Public transport in the region has excellent services to the main cities (Lisbon, Coimbra and Porto) but is much more limited between the smaller towns. Generally, it is easier to travel north-south than east west. The following tours provide suggested routes for a one-week touring holiday using public transport;
The Fort of São João Baptista on the Berlengas Islands, Peniche
All of the previous tours have followed the same general direction, along the western coastline of Portugal. For a truly different route head eastwards, and explore the fortified towns along the Spanish border. For this route, a minimum of nine days is required but could be easily extended to 2 weeks. A rental car is essential as there is very limited public transport.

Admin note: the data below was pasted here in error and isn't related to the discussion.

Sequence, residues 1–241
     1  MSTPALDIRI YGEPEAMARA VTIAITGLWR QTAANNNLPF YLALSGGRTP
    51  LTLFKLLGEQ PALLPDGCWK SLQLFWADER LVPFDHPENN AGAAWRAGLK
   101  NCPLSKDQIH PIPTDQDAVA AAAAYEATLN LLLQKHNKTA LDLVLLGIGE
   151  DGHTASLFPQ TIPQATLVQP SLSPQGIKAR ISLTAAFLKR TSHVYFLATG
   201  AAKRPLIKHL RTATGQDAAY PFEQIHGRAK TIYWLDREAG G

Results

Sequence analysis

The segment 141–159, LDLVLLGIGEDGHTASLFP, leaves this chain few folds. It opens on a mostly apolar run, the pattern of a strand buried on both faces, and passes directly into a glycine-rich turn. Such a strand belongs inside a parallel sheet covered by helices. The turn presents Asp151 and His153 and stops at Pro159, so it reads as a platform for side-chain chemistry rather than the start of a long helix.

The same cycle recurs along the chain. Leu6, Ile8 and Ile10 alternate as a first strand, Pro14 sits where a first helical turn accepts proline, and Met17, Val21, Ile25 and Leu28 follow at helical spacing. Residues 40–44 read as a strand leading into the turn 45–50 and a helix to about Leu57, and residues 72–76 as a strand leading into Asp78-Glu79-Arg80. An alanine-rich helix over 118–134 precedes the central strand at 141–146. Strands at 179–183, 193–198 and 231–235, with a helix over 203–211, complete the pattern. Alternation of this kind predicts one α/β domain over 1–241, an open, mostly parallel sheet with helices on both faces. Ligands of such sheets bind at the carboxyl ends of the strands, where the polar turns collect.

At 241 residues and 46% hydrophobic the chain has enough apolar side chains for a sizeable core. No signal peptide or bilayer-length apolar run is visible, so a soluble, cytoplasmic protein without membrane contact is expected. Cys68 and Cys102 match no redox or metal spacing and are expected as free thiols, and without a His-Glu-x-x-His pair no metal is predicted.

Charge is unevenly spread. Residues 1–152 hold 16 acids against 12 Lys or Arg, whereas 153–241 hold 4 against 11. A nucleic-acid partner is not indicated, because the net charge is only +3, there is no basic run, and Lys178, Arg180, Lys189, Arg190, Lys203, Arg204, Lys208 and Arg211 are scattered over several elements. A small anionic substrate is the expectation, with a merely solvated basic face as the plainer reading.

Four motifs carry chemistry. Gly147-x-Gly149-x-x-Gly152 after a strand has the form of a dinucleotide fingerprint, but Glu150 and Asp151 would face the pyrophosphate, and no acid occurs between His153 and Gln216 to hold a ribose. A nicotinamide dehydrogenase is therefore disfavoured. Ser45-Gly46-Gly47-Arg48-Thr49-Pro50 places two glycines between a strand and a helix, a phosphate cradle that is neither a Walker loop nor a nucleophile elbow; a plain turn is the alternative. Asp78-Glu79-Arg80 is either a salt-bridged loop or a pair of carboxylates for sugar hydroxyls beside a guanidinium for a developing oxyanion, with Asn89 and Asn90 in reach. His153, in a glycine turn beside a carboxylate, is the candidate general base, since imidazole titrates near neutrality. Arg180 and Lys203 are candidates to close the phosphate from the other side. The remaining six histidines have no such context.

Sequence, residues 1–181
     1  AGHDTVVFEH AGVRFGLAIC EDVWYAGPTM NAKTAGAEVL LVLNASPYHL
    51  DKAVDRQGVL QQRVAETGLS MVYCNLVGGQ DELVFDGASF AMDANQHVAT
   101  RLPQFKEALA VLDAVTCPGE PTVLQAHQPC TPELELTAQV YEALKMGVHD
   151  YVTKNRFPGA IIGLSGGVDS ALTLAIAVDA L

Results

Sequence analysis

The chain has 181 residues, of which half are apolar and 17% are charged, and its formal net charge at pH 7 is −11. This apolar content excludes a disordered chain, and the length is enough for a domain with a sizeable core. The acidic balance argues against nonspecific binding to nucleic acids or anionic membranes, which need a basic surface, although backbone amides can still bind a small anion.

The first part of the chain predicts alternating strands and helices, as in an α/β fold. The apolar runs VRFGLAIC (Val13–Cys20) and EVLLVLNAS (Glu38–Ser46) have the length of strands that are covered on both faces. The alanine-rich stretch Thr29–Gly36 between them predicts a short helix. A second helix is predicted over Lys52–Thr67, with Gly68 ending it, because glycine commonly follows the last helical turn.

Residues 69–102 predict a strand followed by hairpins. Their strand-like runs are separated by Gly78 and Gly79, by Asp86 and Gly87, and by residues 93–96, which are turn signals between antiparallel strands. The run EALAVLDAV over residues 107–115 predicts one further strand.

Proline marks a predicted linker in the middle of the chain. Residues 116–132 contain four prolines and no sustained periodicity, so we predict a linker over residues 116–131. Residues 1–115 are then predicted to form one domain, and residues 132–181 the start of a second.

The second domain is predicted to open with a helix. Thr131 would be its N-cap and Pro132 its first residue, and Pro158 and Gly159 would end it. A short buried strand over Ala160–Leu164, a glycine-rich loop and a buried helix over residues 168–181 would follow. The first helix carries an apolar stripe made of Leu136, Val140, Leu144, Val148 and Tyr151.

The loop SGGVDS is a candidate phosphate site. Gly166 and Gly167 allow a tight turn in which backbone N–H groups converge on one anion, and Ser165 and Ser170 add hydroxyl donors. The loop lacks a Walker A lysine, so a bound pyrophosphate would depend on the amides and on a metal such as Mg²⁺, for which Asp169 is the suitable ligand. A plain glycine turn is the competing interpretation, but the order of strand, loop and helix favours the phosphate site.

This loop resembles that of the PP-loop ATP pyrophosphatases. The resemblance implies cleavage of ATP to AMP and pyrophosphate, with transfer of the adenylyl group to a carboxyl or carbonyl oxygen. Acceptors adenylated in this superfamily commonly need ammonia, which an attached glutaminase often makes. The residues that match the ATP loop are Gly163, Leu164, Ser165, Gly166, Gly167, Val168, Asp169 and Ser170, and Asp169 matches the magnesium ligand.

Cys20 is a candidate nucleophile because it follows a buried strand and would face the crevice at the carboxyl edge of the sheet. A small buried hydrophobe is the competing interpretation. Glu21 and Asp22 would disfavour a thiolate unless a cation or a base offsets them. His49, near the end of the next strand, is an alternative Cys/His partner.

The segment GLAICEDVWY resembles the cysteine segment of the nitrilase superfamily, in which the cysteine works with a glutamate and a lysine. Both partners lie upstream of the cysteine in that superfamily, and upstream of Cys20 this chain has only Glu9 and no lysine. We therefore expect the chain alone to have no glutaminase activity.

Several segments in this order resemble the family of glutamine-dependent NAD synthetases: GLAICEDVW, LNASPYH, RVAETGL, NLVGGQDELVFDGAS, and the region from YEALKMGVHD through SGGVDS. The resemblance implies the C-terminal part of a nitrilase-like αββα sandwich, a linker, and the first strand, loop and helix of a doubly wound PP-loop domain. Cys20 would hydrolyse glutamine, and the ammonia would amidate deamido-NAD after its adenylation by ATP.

The following are in-depth destination guides for each of the towns detailed in the tour above:
(please note all links open new tabs)
All of these tours are to provide suggestions and ideas for a region which has surprisingly little literature or good advice. We have followed each of these routes using our car, and all details are provided to the best of our knowledge at the time of writing.
Lisbon is a historic yet vibrant city, with a crumbling charm surrounding it. The first day in Lisbon is often spent exploring the Alfama and Baixa districts, which includes the cathedral, the castle and four of the capital’s grand plazas.
One of the grand plazas in the Baixa district